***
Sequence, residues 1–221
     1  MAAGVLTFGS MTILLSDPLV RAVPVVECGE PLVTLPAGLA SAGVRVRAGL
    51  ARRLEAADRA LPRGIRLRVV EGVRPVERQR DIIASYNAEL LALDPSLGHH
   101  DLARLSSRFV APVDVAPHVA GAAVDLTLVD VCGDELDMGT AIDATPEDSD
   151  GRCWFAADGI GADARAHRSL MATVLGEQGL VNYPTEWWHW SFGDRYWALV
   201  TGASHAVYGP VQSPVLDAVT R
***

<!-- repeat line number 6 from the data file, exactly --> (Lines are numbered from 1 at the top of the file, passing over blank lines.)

   201  TGASHAVYGP VQSPVLDAVT R